We had originally used the pure JS version since it was helpful when we upgraded NodeJS versions that linked libraries didn’t have different binary versions, which caused long recompile and npm install times.
Our original implementation (mostly out of laziness) used the synchronous version of the JS library. Since bcrypt is a cost-of-compute type of algorithm, any time we came under high login login (e.g. the start of the day), we started to run CPU hot and then start to time connections as the cost of doing password hashes started to starve out other work happening on our REST servers.
We diagnosed this using Clinic and generating flamegraphs of the system under standard load patterns and it became clear that the bcrypt work was sucking up all the oxygen in the NodeJS process.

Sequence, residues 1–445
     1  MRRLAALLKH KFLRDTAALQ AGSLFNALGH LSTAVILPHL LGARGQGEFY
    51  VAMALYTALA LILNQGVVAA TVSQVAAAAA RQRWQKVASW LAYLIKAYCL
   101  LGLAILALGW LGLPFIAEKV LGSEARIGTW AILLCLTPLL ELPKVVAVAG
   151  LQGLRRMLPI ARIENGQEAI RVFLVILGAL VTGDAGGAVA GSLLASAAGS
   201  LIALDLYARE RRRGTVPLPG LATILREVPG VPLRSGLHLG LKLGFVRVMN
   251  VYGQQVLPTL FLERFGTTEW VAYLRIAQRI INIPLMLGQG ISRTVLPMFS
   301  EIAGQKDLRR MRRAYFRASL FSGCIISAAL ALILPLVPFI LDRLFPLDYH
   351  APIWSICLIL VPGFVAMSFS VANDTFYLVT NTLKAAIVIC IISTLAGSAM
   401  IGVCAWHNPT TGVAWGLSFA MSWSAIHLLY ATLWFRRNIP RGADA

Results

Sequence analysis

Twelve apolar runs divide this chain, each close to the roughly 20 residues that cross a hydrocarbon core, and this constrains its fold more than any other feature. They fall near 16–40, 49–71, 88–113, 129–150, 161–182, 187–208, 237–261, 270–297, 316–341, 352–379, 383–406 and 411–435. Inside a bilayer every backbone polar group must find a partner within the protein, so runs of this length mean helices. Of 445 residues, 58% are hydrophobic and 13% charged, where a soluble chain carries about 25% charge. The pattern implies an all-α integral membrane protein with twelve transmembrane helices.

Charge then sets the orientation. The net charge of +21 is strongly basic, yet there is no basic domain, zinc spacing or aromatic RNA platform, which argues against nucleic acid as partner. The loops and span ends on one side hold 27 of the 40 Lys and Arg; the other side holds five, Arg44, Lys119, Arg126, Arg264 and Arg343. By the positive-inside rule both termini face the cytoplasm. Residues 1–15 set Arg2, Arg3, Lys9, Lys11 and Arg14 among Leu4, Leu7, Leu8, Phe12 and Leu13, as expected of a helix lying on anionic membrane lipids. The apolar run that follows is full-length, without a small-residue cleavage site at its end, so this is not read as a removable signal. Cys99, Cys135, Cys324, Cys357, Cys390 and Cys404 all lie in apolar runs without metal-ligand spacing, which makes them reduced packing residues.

Our first fix was to just move to the async methods of the bcryptjs library, which would mean we wouldn’t block the main event loop doing bcrypt’s hashes. Unforutnatly, this didn’t lead to as much of a performance imprvoement as we were hoping to get becuase after digging in to the implementation of bcryptjs (<3 open source), it turns out the main difference between the async version and sync version is that the library would do one round of blowfish per callback. It was definitly an improvement but it still consumed a lot of time within the main NodeJS process.
We then looked at moving to the C++ based module and again it had two different functions, one sync and another async. The sync one would run the hashing functions in C++, which is faster, but even better, the async version would run the hashing function in an nan::AsyncWorker.
Result? About a 30% increase in response times through our front ends a lot smoother load management under high load. Moral of the story? Always use async even when it’s tempting / easy / lazy to use a sync version of a function in NodeJS. The graph from the very beginning shows the improvements right after we deployed the new code to production.